The emergence of many more higher grades in this year’s A level results has produced problems for universities used to a higher failure rate to achieve required grades. Some courses at some universities are as a result oversubscribed and the Universities are having to make offers for the following year or encourage some other switching to try to resolve the difficulty.
I was a product of a different system for Oxford and Cambridge. Before or after A level Oxford and Cambridge set entrance and scholarship exams which they used rather than A level results.
The advantage of this system was twofold. The Universities were in full control of how many places they allocated and who would get them. The student if successful could press on to prepare more thoroughly for higher level study. The Colleges made their own judgements. Later as a young Oxford university teacher I became involved in the marking process for the entrance exams. I was impressed by the system. We blind double marked the papers, held conversations about all the ones where we disagreed, and used interviews to expose the issues where we did disagree about the achievement and potential of the candidate. We also sought to redress any unfair imbalance between students who had been well prepared by expensive schools for the ordeal and those who had not.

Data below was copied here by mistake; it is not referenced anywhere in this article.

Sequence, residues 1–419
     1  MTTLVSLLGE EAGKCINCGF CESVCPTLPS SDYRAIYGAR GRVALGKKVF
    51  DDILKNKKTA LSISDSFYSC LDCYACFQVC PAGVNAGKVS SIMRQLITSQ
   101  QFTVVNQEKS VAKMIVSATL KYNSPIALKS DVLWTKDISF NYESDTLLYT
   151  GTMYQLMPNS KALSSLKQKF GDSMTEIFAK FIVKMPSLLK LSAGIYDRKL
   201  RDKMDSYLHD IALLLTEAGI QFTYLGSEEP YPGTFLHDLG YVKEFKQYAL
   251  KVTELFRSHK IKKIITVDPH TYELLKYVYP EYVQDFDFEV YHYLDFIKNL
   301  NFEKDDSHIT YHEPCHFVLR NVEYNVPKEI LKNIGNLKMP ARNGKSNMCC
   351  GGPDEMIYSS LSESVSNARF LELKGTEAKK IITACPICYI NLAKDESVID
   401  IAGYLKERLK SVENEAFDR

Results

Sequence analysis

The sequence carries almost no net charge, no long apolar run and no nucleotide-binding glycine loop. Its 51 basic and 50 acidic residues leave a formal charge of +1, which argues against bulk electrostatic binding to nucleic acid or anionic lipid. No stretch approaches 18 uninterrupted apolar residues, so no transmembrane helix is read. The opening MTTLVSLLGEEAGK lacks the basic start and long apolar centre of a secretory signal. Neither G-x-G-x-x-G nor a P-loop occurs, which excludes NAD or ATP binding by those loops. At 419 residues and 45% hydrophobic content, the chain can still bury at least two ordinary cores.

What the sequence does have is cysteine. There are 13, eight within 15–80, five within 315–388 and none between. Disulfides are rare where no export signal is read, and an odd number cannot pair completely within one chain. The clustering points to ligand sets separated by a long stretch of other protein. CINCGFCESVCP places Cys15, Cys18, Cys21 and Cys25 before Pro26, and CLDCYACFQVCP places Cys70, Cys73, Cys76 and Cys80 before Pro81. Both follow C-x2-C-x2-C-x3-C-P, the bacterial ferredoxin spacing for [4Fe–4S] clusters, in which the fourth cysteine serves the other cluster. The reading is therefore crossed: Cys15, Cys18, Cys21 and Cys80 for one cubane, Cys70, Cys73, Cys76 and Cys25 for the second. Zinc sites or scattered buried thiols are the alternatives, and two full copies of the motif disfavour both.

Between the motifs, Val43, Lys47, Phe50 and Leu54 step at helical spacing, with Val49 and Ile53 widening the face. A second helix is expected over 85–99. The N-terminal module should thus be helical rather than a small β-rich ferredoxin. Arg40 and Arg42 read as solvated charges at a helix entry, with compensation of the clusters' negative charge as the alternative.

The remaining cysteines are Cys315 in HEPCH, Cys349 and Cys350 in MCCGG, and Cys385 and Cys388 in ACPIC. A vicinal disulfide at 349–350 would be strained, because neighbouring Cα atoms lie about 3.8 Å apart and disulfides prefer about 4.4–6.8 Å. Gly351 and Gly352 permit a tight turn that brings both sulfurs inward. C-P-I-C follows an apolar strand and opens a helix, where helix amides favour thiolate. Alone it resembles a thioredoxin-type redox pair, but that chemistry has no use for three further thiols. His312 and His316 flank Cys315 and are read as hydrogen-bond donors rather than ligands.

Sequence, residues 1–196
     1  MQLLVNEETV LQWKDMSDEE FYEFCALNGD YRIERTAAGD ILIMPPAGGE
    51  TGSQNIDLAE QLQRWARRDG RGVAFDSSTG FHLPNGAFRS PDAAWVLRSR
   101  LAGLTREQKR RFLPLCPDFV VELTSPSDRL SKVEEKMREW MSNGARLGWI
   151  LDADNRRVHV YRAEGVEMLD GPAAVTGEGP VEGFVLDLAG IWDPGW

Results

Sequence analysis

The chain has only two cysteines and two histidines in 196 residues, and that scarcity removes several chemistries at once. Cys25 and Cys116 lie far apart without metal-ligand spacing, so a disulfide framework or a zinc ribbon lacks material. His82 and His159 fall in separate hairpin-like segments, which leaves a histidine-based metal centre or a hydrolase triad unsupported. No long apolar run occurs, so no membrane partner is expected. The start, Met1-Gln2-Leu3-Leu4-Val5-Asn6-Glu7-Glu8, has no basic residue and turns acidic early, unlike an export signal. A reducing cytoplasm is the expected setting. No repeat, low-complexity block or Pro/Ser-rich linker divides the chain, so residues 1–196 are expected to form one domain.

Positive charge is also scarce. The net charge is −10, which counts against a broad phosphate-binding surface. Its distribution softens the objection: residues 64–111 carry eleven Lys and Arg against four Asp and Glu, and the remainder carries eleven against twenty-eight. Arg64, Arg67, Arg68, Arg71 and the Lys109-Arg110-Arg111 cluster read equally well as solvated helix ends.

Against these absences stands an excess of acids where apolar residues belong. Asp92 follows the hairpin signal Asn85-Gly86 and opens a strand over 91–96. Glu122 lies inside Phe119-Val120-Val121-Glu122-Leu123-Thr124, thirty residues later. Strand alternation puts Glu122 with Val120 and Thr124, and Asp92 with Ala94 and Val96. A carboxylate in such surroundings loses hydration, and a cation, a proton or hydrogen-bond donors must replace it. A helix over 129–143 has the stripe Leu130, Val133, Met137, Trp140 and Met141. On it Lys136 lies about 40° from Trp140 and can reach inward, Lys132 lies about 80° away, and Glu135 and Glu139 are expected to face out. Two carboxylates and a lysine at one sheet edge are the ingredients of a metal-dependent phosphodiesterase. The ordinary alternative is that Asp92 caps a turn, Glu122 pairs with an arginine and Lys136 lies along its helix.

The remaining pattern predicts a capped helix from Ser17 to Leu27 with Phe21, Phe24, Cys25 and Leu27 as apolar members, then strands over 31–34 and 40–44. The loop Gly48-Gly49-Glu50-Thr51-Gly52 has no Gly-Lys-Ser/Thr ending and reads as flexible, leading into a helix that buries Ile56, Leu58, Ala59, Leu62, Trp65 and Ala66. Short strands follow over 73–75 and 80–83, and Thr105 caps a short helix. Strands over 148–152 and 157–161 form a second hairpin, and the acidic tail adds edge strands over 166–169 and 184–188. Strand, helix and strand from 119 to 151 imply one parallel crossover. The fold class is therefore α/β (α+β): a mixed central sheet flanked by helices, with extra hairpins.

It looks as if some top universities are tiptoeing back to relying more on their own assessment of students. They need to be sure that the people they take can cope with the rigours and the independence of undergraduate study and are the best of the many who now achieve a grade A.